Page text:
Dawid Ciężarkiewicz
@dpc
There is no relationship like this right now. What I say is - your crate on crates.io can have shared ownership between 4 people, each of who could get compromised and try to publish a malicious version. The fact that you yourself has reviewed it (if I have you in my WoT) means that you are at least aware of it being published, and maybe you even compared with your local copy etc.
The crates.io is a side-feature to help with initial bootstrapping. There is a list of "known crates.io owners" (distinct from the WoT) and one can edit it and filter-out crates that are from known authors. This way you can focus on stuff from less trustworthy authors first, if so you desire.
Since we can't get the whole ecosystem reviewed in one go, we can at least look at the most suspicious crates first.
Ones with high geiger count, unknown authors, custom build scripts and so on.
Andrew Gallant
@BurntSushi
yeah the bootstrapping stuff makes total sense. i get that. i think i grok the other stuff too.
it would be nice if cargo crev could require or at least display whether the user has 2FA enabled for wherever they are hosting their proofs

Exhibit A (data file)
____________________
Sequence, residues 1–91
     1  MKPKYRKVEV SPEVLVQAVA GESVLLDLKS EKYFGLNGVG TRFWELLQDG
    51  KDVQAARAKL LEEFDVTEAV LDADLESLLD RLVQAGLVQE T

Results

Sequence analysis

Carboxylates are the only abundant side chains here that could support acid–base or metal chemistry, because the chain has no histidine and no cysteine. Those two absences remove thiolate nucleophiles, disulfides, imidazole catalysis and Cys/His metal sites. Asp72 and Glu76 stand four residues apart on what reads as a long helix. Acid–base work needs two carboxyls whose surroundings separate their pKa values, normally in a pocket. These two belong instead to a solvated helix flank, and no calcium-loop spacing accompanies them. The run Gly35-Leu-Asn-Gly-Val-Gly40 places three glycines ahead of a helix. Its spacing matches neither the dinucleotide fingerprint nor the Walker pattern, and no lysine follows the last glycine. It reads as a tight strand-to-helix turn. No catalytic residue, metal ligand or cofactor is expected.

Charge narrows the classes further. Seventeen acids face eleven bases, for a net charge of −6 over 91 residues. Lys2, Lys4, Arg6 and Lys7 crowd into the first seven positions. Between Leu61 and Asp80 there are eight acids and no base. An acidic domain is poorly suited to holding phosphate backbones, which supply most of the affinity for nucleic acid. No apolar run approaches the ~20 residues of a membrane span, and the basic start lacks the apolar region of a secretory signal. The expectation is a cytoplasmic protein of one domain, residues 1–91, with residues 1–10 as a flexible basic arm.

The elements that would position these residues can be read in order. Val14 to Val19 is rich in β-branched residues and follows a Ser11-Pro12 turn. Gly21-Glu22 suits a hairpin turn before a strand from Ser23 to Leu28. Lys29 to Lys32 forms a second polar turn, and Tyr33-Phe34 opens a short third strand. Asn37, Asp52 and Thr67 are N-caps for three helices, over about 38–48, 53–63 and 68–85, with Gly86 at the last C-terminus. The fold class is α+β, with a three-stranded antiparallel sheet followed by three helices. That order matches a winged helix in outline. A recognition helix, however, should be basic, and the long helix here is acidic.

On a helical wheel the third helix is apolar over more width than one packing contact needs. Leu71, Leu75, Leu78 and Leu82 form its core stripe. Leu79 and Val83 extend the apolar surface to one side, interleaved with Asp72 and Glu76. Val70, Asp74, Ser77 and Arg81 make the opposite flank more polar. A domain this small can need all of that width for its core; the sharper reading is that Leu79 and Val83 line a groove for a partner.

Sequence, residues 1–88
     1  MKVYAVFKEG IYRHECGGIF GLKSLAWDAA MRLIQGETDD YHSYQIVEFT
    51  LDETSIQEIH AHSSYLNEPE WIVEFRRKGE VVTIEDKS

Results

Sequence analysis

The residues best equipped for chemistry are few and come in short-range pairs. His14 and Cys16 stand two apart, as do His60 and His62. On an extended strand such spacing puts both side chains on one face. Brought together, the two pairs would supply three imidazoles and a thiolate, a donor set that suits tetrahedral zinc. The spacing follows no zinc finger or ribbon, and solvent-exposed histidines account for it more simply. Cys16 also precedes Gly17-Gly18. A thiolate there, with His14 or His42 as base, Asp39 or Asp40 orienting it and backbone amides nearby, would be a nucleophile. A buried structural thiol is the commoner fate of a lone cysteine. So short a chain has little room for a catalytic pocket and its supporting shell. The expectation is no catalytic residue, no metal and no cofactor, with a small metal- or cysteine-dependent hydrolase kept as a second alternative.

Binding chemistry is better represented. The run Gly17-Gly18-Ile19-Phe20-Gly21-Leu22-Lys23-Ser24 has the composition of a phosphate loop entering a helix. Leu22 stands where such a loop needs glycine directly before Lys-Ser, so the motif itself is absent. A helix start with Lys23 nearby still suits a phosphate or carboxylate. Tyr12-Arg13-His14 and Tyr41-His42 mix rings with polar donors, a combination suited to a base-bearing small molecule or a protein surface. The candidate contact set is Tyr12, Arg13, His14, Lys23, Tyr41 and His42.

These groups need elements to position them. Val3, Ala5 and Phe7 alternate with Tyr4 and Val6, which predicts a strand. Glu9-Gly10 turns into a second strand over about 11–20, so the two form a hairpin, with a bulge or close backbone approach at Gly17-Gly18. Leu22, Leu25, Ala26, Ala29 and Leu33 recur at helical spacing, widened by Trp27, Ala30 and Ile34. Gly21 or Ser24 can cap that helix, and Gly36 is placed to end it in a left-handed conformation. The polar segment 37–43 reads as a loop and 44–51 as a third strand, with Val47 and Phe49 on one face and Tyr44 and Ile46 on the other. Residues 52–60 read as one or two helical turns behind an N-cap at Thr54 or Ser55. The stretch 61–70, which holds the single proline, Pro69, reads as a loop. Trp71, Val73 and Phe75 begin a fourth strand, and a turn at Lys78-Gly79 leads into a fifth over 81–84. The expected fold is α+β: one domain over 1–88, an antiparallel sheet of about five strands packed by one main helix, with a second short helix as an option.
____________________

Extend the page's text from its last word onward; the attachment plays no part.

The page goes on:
Dawid Ciężarkiewicz
@dpc
If crates.io provides 2fa info for each user, we could easily do that.
Andrew Gallant
@BurntSushi
no 2FA is probably an immediate downgrade in trust
for me anyway
i think crates.io relies on github, and github provides 2FA. i don't know if it's queryable or not though.
Dawid Ciężarkiewicz
@dpc
The hosting their proofs is a tricker one, since we don't have a relationship of crates.io user - crev id/url
Andrew Gallant
@BurntSushi
yeah, i guess the extra key from crev makes this hard to exploit.
Dawid Ciężarkiewicz
@dpc
If the username is the same in both, we could do mapping, potentially. Donno. Maybe it's doable. On the other hand - it's a very specific and hardcoded datapoint, that could get broken in many ways. Also - would be nice to support other registries.
Andrew Gallant
@BurntSushi
even if an attacker gets access to someone's github account, the worst they could do is upload a new version of a package to crates.io with potentially malicious code in it. but they couldn't publish a review unless they also had that user's crev key.
Dawid Ciężarkiewicz
@dpc
So too much hardcoding for github.com can backfire.
Andrew Gallant
@BurntSushi
yeah makes sense
Dawid Ciężarkiewicz
@dpc
Exactly. Also crev is supposed to require some redundancy, eventually, if there is enough people actually providing proofs.
Andrew Gallant
@BurntSushi
yeah